In addition, since the valve is about two feet below the top of the storage tank, does the drain down valve drain the tank when in the drain down position?
  • hot_rod
    hot_rod Member Posts: 22,144
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    Is it this type of WR

    zone valve? They were famous for stripping the motor shaft and the spool would not turn or turn now and then.

    Is this a correct boiler piping drawing?

    If so add a Webstone purge valve below the zone valves. Or use a ball valve, a tee, and a boiler drain to build one.

    Turn off the power and rotate each zone valve, one at a time to purge one loop at a time.

    I'd remove the operators from both ZVs to assure they do turn and operate. I'd also remove the circ from the volute to check impeller condition.

    I find it hard to believe the local pros cannot or will not propose this simple fix. So they tell you it cannot be fixed because the water can never be drained?

    hot rod
    Bob "hot rod" Rohr
    trainer for Caleffi NA
    Living the hydronic dream
  • geo_23
    geo_23 Member Posts: 18
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    Open circuit hydronic system

    Sorry about this post - wrong thread.

    See separate thread by same name.

    --partial quote---
    > I need some plumbing information about a hydronic

    > heating system which has a solar panel plus a

    > sun-spool (h-g spool) drain down valve.

    >

    > What

    > exactly is the flow pattern through the drain

    > down valve when it is in the operating position

    > and when it is in the drain down

    > position.

    >

    > Which of the five ports (to panel,

    > from panel, to storage tank, from storage tank,

    > and drain down outlet) are connected together in

    > each position?

    >

    > In addition, since the valve is

    > about two feet below the top of the storage tank,

    > does the drain down valve drain the tank when in

    > the drain down position?



    > I need some plumbing information about a hydronic

    > heating system which has a solar panel plus a

    > sun-spool (h-g spool) drain down valve.

    >

    > What

    > exactly is the flow pattern through the drain

    > down valve when it is in the operating position

    > and when it is in the drain down

    > position.

    >

    > Which of the five ports (to panel,

    > from panel, to storage tank, from storage tank,

    > and drain down outlet) are connected together in

    > each position?

    >

    > In addition, since the valve is

    > about two feet below the top of the storage tank,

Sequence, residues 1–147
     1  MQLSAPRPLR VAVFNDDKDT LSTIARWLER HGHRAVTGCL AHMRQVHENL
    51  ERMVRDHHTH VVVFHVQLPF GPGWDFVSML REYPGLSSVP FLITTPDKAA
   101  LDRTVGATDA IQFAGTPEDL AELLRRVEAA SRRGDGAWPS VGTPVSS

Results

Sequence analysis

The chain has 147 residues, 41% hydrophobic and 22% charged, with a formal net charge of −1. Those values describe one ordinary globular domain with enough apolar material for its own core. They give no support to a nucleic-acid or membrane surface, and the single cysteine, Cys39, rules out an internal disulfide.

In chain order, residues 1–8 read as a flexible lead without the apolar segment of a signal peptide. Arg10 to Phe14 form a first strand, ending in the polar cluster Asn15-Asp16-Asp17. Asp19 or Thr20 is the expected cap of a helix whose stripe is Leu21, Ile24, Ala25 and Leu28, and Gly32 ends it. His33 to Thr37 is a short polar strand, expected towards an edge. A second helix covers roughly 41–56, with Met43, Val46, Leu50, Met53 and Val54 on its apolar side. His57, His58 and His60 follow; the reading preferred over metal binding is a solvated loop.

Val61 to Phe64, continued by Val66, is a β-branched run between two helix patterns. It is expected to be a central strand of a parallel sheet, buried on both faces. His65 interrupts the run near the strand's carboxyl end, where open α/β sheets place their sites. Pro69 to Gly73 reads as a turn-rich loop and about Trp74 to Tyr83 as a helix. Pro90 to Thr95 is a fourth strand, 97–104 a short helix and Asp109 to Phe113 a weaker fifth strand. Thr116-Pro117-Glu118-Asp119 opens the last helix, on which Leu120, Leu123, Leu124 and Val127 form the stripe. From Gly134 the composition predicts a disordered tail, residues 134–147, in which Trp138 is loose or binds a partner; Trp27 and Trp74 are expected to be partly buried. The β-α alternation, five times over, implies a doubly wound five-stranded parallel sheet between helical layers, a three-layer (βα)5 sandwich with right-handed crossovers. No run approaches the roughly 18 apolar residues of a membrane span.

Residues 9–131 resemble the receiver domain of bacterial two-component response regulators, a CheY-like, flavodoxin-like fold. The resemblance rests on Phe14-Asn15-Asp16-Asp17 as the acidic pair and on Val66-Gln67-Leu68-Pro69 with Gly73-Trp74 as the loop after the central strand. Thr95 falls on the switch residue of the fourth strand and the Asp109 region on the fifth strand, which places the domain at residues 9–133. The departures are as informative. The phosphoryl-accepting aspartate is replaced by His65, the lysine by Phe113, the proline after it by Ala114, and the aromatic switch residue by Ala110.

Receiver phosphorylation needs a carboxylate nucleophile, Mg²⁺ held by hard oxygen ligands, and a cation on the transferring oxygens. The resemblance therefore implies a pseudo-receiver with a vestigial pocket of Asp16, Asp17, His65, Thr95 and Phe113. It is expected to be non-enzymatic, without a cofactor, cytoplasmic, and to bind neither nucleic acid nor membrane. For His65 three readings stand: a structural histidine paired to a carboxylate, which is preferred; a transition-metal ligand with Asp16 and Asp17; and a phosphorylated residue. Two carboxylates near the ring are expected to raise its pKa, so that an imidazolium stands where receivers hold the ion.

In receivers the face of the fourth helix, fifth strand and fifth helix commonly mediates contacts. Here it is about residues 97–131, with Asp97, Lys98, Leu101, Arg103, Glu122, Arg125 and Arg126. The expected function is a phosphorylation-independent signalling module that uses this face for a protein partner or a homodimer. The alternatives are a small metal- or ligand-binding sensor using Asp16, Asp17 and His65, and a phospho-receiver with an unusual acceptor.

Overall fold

> does the drain down valve drain the tank when in

    > the drain down position?



  • geo_23
    geo_23 Member Posts: 18
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    gnhv83k02@sneakemail.com

    Yep, that is the system. Have replaced the ZVs a couple of times (frozen in the pipe fitting - I think from high iron content in water.)

    Mine is slightly different - the pump is on the common return to the tank (pumping into the tank) so the flow is into the ZVs instead of out of them. There is a 'purger-trol' casting at the tank before the ZVs.

    (I don't know what the 'two branch' line at the top of the photo is.)

    There is also an additional line that 'short circuits' between the line to the zone valves and tank and the common inlet to the pump.

    I have put a shutoff between the pump and the tank, and two hose bibs - one at the inlet to the zone valves (where you suggest the 'purge valve' and one between the pump and the tank.

    Because of the 'short circuit' I am still unable to actually purge the system (one at a time or together.)
    I am planning on adding hose bibs right after each zone valve so I can drain each system.

    Yes the 'experts' say never drain the system because that introduces fresh air into the system that has to be removed (big deal - I had hot water pipes in the concrete floor of my previous house and drained the system at least once a year for the 35 years we lived there with no problems.)

    Unfortunately, I cannot remove the ZVs as the hot water has frozen the rubber 'o' ring into the fitting - pulling the operator only separates the the motor shaft from the operating valve in the fitting - thus destroying the valve.